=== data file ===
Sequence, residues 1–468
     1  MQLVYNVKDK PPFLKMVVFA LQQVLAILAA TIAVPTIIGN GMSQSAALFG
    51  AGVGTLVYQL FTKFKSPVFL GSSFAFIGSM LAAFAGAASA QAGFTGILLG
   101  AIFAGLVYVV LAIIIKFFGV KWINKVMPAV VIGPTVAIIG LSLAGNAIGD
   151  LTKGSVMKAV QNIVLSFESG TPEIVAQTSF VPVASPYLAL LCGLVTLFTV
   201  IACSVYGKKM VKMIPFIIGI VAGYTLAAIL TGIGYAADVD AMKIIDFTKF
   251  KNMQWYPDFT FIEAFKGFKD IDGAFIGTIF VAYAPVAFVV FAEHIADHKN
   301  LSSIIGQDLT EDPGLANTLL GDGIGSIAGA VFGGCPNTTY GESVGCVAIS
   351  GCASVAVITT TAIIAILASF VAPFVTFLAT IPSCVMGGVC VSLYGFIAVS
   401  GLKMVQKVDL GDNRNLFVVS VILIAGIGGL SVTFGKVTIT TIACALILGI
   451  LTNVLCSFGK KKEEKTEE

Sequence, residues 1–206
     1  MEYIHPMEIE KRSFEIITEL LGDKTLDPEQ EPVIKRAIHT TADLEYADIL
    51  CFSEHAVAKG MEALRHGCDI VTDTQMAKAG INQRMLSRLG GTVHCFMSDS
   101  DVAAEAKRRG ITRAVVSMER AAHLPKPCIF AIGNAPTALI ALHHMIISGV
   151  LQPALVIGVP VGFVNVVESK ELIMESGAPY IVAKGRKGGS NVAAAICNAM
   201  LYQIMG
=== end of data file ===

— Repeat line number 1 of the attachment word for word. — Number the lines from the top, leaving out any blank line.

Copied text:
Sequence, residues 1–468